Review: Suze Liqueur

Review: Suze Liqueur

Outside of Chartreuse, French amari are uncommon in the U.S., but one you’re likely to encounter on the occasional upscale cocktail menu is Suze. (Pronounced basically as it’s written, one syllable.) Originally Swiss (originating in 1889), the brand relocated across the Alpine border at some point, and it’s now part of Pernod Ricard.

Suze is built primarily around bitter gentian, and little is known of its other ingredients. There’s mention only of an “aromatic bouquet blend” added to the gentian, but what’s in that mix is a mystery to me. If you really want to dive into gentian, Suze is a great way to do it. Gentian also gives Suze its trademark hue.

Here’s what it tastes like.

The brightly golden liqueur is thick with bitter gentian on the nose and a heavily earthy, green note — but it comes alongside plenty of florals, making for an unusual combination of aromas. The flavor is equally difficult to describe, but here it’s green element is best described as vegetal. There’s a heavy current of green beans and chard here — all stronger than, say, the artichoke character in Cynar — but Suze’s other ingredients eventually work to lift it out of the hydrator. A note of grapefruit peel is easily evident as the finish builds, along with more elusive blood orange and pear notes. A hint of chocolate and a grating or two of cinnamon together add an unusual nuance to the conclusion, but these are fleeting as a significant greenness comes back into focus.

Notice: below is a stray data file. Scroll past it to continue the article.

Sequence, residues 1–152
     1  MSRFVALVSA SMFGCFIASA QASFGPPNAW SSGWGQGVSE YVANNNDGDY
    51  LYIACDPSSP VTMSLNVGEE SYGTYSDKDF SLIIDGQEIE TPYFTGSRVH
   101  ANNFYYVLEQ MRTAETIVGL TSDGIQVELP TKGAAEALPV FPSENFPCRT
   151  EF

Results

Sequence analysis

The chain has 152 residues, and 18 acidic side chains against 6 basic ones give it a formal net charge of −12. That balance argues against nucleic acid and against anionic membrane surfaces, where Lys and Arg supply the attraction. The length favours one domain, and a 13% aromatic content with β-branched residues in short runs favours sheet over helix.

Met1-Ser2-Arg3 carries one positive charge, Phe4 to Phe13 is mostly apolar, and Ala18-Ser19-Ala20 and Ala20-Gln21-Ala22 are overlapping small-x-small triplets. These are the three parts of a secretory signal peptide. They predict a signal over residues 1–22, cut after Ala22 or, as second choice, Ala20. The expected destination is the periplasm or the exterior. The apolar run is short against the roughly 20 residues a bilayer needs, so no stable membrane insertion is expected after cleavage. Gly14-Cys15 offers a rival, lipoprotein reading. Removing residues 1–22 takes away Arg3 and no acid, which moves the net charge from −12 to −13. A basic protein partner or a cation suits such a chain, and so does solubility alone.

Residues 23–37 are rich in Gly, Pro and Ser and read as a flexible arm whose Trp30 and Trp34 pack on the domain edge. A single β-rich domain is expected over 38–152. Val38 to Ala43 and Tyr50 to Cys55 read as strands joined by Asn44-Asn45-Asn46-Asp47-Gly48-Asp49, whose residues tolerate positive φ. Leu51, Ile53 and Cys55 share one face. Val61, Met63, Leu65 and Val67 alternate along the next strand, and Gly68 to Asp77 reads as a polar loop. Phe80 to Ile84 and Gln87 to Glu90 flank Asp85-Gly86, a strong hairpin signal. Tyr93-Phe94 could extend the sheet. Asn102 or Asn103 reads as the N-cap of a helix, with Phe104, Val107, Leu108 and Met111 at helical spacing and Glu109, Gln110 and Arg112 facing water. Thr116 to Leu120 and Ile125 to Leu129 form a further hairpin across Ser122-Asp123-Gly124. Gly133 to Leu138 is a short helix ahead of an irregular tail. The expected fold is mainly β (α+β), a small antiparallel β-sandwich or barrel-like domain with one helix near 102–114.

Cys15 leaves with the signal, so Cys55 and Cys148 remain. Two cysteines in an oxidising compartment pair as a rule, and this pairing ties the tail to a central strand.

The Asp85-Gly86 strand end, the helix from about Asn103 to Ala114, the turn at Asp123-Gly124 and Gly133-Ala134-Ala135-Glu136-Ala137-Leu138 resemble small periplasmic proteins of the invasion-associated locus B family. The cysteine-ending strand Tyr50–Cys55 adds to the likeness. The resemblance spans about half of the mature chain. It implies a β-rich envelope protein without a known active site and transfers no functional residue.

It’s weird but fun, though I gravitate more readily to other amari. This is a liqueur that seems to work best as an accent in cocktails — or try it with tonic.

40 proof.


Suze Liqueur




Christopher Null is the founder and editor in chief of Drinkhacker. A veteran writer and journalist, he also operates Null Media, a bespoke content creation company.

1 Comment

  1. P. on February 27, 2022 at 9:06 am

    This works brilliantly in the cocktail called the Fond de Culotte (“seat of your pants” — a French pun on the ingredients that doesn’t translate). Recipes vary, but I prefer 3 parts Suze, 1 part cassis, with a squeeze of lemon juice and/or a lemon twist, and sparkling water to taste.

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